Sutton KOSHH March

The protest march reaches the St Helier open space in front of the hospital

I don’t often go to Sutton, a town in South London, part of Surrey that was absorbed into Greater London in the local government reforms of 1965.  It really isn’t a place there is much to go there for, unless you need to shop, and there are plenty of other places for that.  I did spend a little time in the area in 1997  when I was photographing London and its buildings, though I think I found relatively little to interest me in Sutton itself. Since then then only time I can remember returning is when with seven friends we put on a photography show in the library there in 2007.

One of the campaigns that I’ve come across regularly taking part in various protests about the NHS, against cuts in services, creeping privatisation and hospital closures has been KOSSH, a slightly sinister sounding name standing for ‘Keep our St Helier Hospital ‘, and when I got an email telling me about their planned march celebrating the 70th anniversary of the NHS and against the plans of the Epsom and St Helier trust to close A&E, Maternity, Paediatrics, Emergency Medicine and Surgery, Intensive Care, Coronary Care and the Cancer Centre at one or both hospitals and sell off the sites, I was interested to join them and photograph the event.

Of course, as so often it wasn’t the only event I would like to have covered. Also taking place in Central London was the annual Pride march, which I’ve photographed most years since the early 1990s, as well as several other local events. But Pride isn’t what it was, and the march in particular has become such a corporate event that I’ve rather lost interest in photographing it. Last year’s event had been enlivened by the Anti-Racist & Migrant Rights Pride march, which had managed to take pride of place at the front of the main event (though only because they were not allowed to join the main march) but there appeared to be nothing like that planned this year, though later I heard that a group of anti-trans feminists had put in an appearance.

So my plan for the day had been to go to Sutton and photograph the march, then go into Soho and photograph on the streets there after the official march. But it was a very hot day, and by the time I had marched all the way to St Helier Hospital and photographed the short rally there,  I was exhausted, and caught the two trains to take me home for a cool drink and a rest.

St Helier Hospital (the site includes the Queen Mary children’s hospital) is one of the few buildings in the area that had attracted my attention back in the 1997, on high ground a mile or two north of the centre of Sutton, in one of the largest council-built estates in London. The St Helier Estate was a ‘garden city’ cottage  overspill estate built by the London County Council between 1928 and 1936 outside of London,  and with over 9000 homes was the largest such development by the LCC other than Becontree, and the hospital there, in a modern style, was opened in 1938.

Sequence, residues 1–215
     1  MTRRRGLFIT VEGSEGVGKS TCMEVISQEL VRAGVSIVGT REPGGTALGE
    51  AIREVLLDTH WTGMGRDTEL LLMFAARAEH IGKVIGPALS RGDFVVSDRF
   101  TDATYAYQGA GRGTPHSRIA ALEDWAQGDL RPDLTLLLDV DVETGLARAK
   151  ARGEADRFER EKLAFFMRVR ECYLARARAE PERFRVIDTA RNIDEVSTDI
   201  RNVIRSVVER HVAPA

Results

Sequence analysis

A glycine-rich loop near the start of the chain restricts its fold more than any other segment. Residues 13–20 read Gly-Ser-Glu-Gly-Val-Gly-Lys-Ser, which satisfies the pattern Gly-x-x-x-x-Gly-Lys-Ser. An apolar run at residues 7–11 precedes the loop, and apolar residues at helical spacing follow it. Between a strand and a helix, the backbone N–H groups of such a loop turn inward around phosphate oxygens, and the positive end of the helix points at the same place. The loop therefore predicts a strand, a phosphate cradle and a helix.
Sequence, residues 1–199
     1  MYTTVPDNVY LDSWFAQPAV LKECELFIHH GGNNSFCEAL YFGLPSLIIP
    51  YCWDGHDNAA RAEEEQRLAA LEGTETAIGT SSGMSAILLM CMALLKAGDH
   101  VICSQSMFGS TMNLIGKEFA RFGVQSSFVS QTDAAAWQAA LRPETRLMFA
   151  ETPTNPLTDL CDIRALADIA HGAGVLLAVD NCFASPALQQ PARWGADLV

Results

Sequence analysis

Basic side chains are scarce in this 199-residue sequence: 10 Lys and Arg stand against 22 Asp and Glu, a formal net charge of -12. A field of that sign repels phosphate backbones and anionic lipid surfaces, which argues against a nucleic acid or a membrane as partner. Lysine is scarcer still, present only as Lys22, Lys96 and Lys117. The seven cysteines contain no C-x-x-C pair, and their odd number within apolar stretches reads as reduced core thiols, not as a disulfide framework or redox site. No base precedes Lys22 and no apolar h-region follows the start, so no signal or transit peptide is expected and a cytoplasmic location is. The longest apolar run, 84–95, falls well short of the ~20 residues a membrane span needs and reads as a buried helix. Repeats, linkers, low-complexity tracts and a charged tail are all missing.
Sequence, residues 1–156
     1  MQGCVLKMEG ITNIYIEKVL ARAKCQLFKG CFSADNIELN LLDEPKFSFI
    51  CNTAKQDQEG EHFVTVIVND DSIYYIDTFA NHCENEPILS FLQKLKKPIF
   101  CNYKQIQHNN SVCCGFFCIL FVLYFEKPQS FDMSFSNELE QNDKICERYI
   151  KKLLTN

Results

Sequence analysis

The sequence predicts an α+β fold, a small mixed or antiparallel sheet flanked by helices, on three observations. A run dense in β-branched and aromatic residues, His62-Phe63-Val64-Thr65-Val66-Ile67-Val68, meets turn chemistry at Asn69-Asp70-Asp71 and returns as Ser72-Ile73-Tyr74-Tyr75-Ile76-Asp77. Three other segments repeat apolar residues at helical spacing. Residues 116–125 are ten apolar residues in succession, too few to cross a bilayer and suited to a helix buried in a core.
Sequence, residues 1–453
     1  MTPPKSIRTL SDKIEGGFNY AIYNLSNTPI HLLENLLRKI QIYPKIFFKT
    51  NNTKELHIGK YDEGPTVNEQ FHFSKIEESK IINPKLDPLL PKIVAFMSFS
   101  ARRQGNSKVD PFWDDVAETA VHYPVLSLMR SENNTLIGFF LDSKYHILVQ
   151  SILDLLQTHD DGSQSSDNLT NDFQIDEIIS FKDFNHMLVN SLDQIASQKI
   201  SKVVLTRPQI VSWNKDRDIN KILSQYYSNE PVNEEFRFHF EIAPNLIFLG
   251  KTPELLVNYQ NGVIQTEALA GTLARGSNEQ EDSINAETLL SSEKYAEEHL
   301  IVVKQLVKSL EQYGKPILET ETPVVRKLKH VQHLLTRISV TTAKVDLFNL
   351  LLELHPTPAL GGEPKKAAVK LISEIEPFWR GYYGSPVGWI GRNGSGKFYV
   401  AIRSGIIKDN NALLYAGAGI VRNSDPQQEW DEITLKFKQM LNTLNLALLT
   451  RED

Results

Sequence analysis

Closing either of the hospitals would lead to longer emergency journeys in what is often a very congested part of London.  The full range of services would only be available at St Georges in Tooting. Back in 2003 I sat in an ambulance for around an hour stuck in traffic on my way there – until one of the medics accompanying me suggested I might have an emergency – and even then with blue lights flashing our progress was slow. The proposed cuts would reduce services at a time when needs are increasing and are proposed only to save money to meet government cuts which call for huge savings by the trust.

The die-in at the end of the march wasn’t huge, and quite a few of those who started the march, including several in poor health, didn’t manage to complete it in the summer heat, though I’m sure none actually died. But it made the point that hospital closures will lead to people dying, particularly those needing emergency treatment.

More at NHS at 70 – Save St Helier Hospital


There are no adverts on this site and it receives no sponsorship, and I like to keep it that way. But it does take a considerable amount of my time and thought, and if you enjoy reading it, a small donation – perhaps the cost of a beer – would be appreciated.

My London Diary : London Photos : Hull : River Lea/Lee Valley : London’s Industrial Heritage

All photographs on this and my other sites, unless otherwise stated, are taken by and copyright of Peter Marshall, and are available for reproduction or can be bought as prints.

To order prints or reproduce images


Leave a Reply

You must be logged in to post a comment.